Really thought provoking question here. I guess in today's world, the n word is (IMO) just a way to demean a person simply based on skin color. In my life, I try to judge people for their words and deeds and NOT their appearance. However, I deeply dislike the term "African-America" because most blacks living here were born and raised here, and are NOT from Africa themselves, that term simply separates them out, and we need to ALL realize that we are Americans, no matter our color or religion.

  8. Wesman Todd Shaw profile image98
    Wesman Todd Shawposted 7 years ago

    More is said with the tone of voice, a knowledge of the person using that word, and the circumstances.  I've been the only white dude in a big jail tank with all blacks before. . .it wasn't long before everyone called me by that world, just like they did each other.

    For a while there it really seemed like my cell mates forgot that I wasn't black. . . . .

    But if it were a tank or cell full of whites and one black. . . . that world would probably be used only as a hateful thing-but then again, that might not be true either.  So many whites and hispanics both listen to rap and hip hop. . that damned near everyone uses the abbreviated, more "friendly" version of that word. . . ."nigga," instead of the original, which had a hateful connotation.

  9. garynew profile image57
    garynewposted 7 years ago

    I see they deleted your unexpurgated question.  To answer, I don't know.  However, I find it amusing when black people talking among themselves use the word then notice I'm close by and then apologize for using it.

  10. webspider20 profile image60
    webspider20posted 7 years ago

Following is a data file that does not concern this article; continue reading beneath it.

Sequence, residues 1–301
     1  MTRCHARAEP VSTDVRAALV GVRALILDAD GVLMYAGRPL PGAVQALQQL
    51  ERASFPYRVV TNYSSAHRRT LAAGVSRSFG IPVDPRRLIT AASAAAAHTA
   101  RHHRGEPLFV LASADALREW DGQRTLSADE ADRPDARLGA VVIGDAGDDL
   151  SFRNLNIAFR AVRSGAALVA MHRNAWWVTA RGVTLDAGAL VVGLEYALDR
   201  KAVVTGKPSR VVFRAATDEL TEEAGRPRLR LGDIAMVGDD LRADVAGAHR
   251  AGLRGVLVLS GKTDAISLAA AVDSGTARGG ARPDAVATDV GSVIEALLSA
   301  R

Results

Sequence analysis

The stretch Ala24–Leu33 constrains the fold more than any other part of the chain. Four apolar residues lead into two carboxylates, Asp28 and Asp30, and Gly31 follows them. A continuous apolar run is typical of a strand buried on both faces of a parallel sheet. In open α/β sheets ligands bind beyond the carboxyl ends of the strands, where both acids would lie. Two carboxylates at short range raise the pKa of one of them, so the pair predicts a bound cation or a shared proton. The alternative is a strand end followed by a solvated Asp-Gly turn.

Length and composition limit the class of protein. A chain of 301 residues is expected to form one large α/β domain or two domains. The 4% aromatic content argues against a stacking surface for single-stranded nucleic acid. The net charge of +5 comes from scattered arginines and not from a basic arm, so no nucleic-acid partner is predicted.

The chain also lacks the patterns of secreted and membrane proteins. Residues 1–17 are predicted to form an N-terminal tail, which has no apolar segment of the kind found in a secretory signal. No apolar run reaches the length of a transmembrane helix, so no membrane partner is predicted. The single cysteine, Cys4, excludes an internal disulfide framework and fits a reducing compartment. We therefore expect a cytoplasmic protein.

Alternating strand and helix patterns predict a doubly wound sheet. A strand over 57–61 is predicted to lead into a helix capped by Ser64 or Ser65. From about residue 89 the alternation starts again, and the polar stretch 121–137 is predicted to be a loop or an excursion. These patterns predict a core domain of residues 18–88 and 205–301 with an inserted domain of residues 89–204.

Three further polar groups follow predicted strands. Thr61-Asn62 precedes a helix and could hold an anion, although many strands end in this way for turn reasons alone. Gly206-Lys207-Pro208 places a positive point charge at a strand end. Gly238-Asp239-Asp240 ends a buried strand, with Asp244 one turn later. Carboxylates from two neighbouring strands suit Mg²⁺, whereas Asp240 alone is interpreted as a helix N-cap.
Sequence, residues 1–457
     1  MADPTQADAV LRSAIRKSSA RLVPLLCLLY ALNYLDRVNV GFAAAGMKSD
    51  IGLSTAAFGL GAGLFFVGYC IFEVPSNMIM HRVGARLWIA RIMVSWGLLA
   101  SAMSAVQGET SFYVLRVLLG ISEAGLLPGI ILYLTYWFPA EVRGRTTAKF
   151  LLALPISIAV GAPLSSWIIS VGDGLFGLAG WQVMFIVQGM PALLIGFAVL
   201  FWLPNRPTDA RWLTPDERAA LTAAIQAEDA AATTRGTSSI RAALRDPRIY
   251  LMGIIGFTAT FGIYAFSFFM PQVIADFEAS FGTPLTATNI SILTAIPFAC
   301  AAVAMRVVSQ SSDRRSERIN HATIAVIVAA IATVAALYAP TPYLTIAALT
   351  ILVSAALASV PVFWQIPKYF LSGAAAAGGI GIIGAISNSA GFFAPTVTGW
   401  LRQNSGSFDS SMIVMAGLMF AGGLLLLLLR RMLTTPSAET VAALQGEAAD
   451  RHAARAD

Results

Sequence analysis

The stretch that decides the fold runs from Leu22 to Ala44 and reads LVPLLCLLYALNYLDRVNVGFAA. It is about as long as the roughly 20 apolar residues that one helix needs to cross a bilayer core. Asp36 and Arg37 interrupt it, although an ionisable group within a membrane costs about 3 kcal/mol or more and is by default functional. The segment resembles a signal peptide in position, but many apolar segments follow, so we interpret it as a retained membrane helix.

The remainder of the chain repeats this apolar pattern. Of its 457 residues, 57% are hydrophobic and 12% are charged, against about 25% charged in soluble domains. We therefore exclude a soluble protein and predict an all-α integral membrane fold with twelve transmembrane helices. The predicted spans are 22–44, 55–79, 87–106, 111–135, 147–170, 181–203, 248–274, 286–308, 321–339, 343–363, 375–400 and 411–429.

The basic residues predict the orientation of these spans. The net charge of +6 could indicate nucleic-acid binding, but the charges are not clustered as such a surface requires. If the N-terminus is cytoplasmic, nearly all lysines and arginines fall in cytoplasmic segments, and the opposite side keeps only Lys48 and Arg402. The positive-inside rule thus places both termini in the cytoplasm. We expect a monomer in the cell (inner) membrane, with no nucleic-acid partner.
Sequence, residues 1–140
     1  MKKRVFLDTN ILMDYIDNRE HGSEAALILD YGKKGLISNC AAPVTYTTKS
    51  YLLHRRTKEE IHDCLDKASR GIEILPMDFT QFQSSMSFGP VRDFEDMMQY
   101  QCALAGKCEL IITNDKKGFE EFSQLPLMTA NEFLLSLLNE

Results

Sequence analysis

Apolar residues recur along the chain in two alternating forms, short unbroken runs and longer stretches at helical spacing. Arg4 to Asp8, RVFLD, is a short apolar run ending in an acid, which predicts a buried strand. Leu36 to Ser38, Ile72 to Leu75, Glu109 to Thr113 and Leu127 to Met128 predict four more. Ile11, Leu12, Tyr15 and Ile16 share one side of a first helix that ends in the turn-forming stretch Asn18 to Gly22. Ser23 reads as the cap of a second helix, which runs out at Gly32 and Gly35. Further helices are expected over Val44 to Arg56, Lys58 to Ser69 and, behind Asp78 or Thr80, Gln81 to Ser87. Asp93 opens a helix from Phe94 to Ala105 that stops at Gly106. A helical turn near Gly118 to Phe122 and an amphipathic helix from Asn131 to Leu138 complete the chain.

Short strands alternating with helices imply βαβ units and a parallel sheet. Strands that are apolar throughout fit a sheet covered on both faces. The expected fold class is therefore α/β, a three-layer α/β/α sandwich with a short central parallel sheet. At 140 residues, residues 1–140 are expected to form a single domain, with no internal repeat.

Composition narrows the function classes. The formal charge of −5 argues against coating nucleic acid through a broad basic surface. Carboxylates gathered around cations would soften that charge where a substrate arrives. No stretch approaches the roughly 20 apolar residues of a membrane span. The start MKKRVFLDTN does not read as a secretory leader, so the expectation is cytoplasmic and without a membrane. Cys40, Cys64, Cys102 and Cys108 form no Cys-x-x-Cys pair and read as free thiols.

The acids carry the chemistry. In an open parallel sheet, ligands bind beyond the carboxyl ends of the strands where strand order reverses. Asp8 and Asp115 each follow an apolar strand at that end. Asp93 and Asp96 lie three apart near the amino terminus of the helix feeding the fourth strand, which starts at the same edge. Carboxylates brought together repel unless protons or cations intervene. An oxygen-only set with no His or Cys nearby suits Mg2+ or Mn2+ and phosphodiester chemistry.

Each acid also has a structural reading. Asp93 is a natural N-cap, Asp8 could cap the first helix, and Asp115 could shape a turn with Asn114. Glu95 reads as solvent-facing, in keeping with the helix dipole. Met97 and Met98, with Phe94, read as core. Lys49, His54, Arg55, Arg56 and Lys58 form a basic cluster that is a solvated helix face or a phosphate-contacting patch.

I really don't think there is a meaning to the n-word. I think people just use and don't think about it.

  11. cathylynn99 profile image77
    cathylynn99posted 7 years ago

    it's usually negative. it can mean someone stingy or with other negative characteristics. because of the racial overtones of inequality, i have never called anyone that in my 54 years.

  12. dsage5139 profile image55
    dsage5139posted 7 years ago

    Honestly, the n-word is how we can easily denote those of lower intellect, prejudicial mentalities, and less-than-adequate vocabularies.  There is neither cause nor purpose to use such a slanderous term for another human being, choosing to display animosity for the color of another person's skin.  There are so many more INDIVIDUALIZED reasons for one person to have contempt for another, so why must we stoop to racial and ethical profiling?  It's not only immoral, it's just plain narrow-minded.

  13. jg555 profile image61
    jg555posted 7 years ago

    I think it can mean many different things. It depends on the tone and context it's used in. It's not soley a negative word anymore and I think the goal of black people using it and not in a negative way was to take away the power of it. The problem is, if it is used negatively by a white or black person, it still has power. I wish it was just never used.

  14. feenix profile image60
    feenixposted 6 years ago

    You can call me a spade, you can call me a spook, you call me a coon, you can me the "N-word" -- just don't call me late for happy hour. ;-)